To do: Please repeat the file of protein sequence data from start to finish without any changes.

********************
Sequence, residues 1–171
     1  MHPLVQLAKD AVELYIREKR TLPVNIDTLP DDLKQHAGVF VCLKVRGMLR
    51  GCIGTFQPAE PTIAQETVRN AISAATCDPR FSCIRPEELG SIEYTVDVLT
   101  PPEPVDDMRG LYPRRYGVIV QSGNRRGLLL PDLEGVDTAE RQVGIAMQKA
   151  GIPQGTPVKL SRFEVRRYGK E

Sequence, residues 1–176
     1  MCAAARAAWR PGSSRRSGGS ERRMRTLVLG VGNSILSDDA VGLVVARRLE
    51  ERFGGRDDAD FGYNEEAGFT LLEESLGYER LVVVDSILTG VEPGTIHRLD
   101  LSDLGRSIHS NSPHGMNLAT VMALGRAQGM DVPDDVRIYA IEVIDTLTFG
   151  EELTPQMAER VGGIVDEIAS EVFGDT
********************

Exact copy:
Sequence, residues 1–171
     1  MHPLVQLAKD AVELYIREKR TLPVNIDTLP DDLKQHAGVF VCLKVRGMLR
    51  GCIGTFQPAE PTIAQETVRN AISAATCDPR FSCIRPEELG SIEYTVDVLT
   101  PPEPVDDMRG LYPRRYGVIV QSGNRRGLLL PDLEGVDTAE RQVGIAMQKA
   151  GIPQGTPVKL SRFEVRRYGK E

Sequence, residues 1–176
     1  MCAAARAAWR PGSSRRSGGS ERRMRTLVLG VGNSILSDDA VGLVVARRLE
    51  ERFGGRDDAD FGYNEEAGFT LLEESLGYER LVVVDSILTG VEPGTIHRLD
   101  LSDLGRSIHS NSPHGMNLAT VMALGRAQGM DVPDDVRIYA IEVIDTLTFG
   151  EELTPQMAER VGGIVDEIAS EVFGDT